The 2023 Gun Violence Prevention Day of Action on September 21 brought groups of people to Madison from across the state, so legislators could hear directly from their constituents about the need for stronger gun laws essential for the safety of Wisconsin families and communities.

A coalition of community organizations and Democratic lawmakers gathered at the Wisconsin State Capitol Building to demand that Republican leaders address gun violence, a public health crisis they have continued to ignore.

WAVE (Wisconsin Anti-Violence Effort) Educational Fund, Brady: United Against Gun Violence, Giffords, 80% Coalition, March for Our Lives, Forward Latino, and residents from every part of Wisconsin joined together to promote some lifesaving solutions.

“Gun violence is preventable, and yet we as a society have failed to prevent it. As a consequence, more than 45,000 Americans die every year. And more hauntingly, gunshot injuries are the leading cause of death for our children, and our teenagers,” said Jeri Bonavia, Executive Director of the WAVE Educational Fund. “Our children are being shot everywhere. Our children aren’t safe anywhere. In daycares and preschools, our youngest children are being taught to hide under desks, or in bathrooms. They are being taught to be really really quiet, so that the bad guys can’t find them.”

Despite the fact that Wisconsinites overwhelmingly support gun reform, the legislature has resisted any attempt to pass common sense gun laws. Bonavia said that her young grandson’s generation was being taught in schools to tie a tourniquet to stop the bleeding, while still learning to tie their shoes.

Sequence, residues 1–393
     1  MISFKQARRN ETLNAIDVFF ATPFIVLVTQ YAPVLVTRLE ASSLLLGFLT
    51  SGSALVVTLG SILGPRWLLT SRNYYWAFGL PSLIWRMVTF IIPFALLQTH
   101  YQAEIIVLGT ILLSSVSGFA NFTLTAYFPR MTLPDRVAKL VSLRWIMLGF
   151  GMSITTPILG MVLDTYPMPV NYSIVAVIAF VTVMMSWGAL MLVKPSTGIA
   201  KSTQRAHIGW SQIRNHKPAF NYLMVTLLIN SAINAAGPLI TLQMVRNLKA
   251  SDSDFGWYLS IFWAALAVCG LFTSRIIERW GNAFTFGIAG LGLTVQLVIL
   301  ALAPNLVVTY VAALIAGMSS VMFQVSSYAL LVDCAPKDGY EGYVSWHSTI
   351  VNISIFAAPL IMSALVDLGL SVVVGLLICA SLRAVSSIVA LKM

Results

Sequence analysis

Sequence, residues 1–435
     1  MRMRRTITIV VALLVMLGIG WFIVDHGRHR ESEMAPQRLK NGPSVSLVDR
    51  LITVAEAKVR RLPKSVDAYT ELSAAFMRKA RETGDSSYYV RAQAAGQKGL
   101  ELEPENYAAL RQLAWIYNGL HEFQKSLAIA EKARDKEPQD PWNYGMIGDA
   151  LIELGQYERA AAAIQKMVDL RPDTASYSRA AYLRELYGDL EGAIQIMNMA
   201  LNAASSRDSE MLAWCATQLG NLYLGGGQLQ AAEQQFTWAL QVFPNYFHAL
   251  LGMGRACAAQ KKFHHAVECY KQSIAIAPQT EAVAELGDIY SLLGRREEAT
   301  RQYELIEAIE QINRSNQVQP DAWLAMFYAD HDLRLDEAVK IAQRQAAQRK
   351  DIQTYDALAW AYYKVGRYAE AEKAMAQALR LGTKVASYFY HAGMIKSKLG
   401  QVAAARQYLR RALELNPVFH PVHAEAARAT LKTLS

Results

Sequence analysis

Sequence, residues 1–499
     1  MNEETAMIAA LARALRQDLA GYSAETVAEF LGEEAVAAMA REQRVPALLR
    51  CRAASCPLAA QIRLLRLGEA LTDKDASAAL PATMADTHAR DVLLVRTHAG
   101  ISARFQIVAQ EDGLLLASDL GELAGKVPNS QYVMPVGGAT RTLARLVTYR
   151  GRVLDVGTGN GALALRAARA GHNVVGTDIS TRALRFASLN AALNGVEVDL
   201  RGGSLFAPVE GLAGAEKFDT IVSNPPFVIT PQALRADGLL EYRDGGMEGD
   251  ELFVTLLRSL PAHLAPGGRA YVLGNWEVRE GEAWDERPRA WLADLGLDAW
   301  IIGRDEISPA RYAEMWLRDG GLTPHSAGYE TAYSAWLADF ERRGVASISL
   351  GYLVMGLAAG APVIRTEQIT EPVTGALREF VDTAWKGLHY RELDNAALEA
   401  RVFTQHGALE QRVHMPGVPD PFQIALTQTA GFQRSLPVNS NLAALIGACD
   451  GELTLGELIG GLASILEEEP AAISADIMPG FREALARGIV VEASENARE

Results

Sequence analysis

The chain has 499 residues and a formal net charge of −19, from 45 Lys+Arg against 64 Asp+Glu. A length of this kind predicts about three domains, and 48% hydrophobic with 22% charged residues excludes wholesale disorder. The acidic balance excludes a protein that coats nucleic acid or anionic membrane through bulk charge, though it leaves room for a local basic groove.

“What does that say about our community and our society, that we continue to allow our children to be in the line of fire. And what does it say about a legislative body that continues to do more to protect the profits of the gun industry than they do to protect our families and our children,” Bonavia added.

In 2019, Governor Tony Evers convened a special legislative session to address gun violence. The initiatives were disregarded by the Republican lawmakers, who used the political rhetoric around the Second Amendment to shut down any discussion.

“Wisconsinites are at risk because our Legislature has yet to adopt policies we know are lifesaving, such as universal background checks and extreme risk protective orders,” said Anneliese Dickman, Midwest Program Manager for Brady: United Against Gun Violence. “Most voters in our state support these common-sense gun policies. We are here to encourage our elected officials to listen to their constituents and join their peers in other states in passing laws that will save lives.”

During the summer of 2023, state Democratic lawmakers again proposed a comprehensive set of legislation featuring various firearm-related policies. They included universal background checks, offering incentives for responsible weapon storage practices, and extreme risk protection orders – often referred to as “red flag laws.”

> READ: Gun Safe Summer: Legislators join attorney general to urge action over removed provisions for gun safety

“Milwaukee, like many cities, has faced the devastating impact of gun violence in our community. It is more than just statistics, but the numbers are staggering,” said State Senator LaTonya Johnson.

Guns are prevalent in her district on the north side of Milwaukee. Senator Johnson said more than 15,000 guns had been recovered from 2018 to 2022, with 80% of those recovered guns used in the commission of a crime. ShotSpotter activations across the entire City of Milwaukee during that same time period totaled 60,733.

“Each of those bullets represented the potential to end a life and leave a family forever broken, causing endless amounts of trauma throughout our community,” added Senator Johnson. “Red flag laws will allow timely intervention to prevent tragedies, and it is obvious that these measures would help.”